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Families choosing between eating and buying school uniforms, according to new research

7 February, 2024

Interview by Jessica Hopkins, adapted by Kate Walker

Lecturer in the Department of Public Health at the University of Otago, Dr Johanna Reidy, is calling on the government to do something about the increasing cost of school uniforms.

With the school year starting, families have expressed concern over the high cost of compulsory school uniforms.

New research has shown that even at one higher socio-economic school, 20% of its students were worried about whether their parents could afford their uniform.

Public Health Lecturer at the University of Otago, Dr Johanna Reidy, told 95bFM’s The Wire that families across Aotearoa are struggling during the cost of living crisis.

“Families are making choices between eating and school uniforms or going to school at all, because they can't kit their children out in the full and correct uniform.”

Reidy says many students in this situation avoid coming to school and rely on their parents to speak up.

“Unless there's a good relationship with students, or a way that families can explain that doesn't attract too much shame, that uniform is a cost problem, you'll have students not attending or not paying attention because they look different than other students.”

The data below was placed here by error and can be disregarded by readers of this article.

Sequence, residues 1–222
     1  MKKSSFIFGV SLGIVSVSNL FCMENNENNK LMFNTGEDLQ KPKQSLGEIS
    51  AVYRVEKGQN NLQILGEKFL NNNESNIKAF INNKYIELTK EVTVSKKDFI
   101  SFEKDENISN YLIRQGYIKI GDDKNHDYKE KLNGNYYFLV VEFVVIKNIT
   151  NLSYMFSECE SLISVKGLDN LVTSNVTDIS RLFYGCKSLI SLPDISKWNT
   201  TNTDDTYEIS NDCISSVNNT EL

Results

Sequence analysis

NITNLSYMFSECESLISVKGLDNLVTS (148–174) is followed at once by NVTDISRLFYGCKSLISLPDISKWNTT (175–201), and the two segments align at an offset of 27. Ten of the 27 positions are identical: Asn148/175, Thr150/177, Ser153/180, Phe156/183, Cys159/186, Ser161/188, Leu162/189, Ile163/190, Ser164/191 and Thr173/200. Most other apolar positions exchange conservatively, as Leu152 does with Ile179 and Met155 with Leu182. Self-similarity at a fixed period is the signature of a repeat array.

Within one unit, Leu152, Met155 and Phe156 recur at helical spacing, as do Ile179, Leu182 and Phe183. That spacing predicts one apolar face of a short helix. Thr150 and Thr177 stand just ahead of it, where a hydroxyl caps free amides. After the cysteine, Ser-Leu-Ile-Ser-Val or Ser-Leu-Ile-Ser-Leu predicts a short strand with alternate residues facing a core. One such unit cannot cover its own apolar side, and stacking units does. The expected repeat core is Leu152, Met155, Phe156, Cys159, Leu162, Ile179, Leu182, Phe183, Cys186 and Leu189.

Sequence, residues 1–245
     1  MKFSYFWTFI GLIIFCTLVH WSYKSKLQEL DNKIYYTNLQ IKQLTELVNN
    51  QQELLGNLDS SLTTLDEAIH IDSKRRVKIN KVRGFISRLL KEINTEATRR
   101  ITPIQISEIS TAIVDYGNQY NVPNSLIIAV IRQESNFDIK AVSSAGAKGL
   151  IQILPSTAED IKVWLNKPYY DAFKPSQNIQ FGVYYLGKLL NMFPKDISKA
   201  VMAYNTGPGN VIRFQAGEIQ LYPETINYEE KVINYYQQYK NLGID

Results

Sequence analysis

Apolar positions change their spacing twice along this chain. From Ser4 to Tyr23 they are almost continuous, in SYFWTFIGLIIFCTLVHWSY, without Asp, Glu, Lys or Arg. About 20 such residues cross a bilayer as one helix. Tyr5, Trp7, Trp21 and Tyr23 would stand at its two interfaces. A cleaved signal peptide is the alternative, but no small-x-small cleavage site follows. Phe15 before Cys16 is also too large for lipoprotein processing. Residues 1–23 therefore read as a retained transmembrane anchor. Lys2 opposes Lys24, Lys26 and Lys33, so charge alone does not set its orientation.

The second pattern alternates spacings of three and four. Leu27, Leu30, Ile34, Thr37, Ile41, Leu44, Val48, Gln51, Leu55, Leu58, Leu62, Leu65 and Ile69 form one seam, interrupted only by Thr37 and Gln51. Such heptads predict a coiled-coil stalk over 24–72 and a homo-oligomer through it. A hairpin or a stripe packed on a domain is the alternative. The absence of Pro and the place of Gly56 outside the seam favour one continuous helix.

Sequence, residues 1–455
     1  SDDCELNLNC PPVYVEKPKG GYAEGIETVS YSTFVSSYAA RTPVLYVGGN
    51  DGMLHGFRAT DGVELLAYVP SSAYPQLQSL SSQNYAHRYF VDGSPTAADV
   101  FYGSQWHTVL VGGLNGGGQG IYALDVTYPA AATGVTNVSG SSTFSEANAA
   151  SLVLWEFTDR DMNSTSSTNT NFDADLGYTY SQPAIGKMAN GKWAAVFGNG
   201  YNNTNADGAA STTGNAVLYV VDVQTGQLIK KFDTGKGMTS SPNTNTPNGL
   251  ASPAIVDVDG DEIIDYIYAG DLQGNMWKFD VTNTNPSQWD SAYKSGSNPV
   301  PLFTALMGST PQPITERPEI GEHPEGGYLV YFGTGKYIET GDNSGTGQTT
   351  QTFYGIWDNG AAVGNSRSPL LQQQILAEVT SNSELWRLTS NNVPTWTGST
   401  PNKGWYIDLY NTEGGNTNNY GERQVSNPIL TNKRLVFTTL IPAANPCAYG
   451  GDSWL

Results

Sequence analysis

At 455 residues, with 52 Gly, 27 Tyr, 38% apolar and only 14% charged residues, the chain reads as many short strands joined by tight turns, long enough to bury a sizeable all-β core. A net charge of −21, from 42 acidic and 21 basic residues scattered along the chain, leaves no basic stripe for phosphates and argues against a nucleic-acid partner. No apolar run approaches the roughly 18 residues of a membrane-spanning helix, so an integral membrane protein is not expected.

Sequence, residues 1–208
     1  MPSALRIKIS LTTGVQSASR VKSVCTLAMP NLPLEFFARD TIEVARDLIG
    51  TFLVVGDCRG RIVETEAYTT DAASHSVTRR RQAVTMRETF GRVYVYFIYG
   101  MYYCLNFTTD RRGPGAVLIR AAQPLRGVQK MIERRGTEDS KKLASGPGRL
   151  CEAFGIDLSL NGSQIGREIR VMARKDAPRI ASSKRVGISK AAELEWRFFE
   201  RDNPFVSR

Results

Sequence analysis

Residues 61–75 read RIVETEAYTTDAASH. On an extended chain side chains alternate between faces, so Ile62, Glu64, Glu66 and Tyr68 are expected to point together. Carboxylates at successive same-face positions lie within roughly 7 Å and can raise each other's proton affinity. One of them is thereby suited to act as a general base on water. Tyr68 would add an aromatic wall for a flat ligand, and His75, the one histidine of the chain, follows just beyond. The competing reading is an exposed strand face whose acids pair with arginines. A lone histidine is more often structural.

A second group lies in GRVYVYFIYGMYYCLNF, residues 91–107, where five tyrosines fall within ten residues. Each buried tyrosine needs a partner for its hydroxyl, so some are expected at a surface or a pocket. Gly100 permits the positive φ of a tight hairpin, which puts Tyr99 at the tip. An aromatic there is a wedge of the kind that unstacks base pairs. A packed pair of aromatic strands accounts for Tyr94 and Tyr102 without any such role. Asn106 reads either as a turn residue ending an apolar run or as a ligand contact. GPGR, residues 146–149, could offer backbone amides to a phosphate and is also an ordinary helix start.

While some factors contributing to rising uniform prices are out of their control, Reidy says school boards should consider the cost of the garments they require students to wear.

Despite issues with their cost, she agrees uniforms can benefit students.

“We have school uniforms to provide an affordable piece of clothing that removes the worst of competitive dressing, ensure safety on campus, and identify intruders on school grounds.”

In some cases, schools and families have been able to take out loans or receive money from charity to pay for uniforms.

But Reidy wants the government to step in so this funding can be used for other purposes.

She says schools should not have to worry about what students are wearing and instead be able to focus on children's learning.

“Every year in January we wring our hands about this problem but nothing really happens to solve it.”

“It's time for the Ministry of Education or the government to come up with some legislation as they have in the UK, saying that schools must give attention to the cost of uniforms but also uniform policies.”

Listen to the full interview

Public Interest Journalism funded through NZ On Air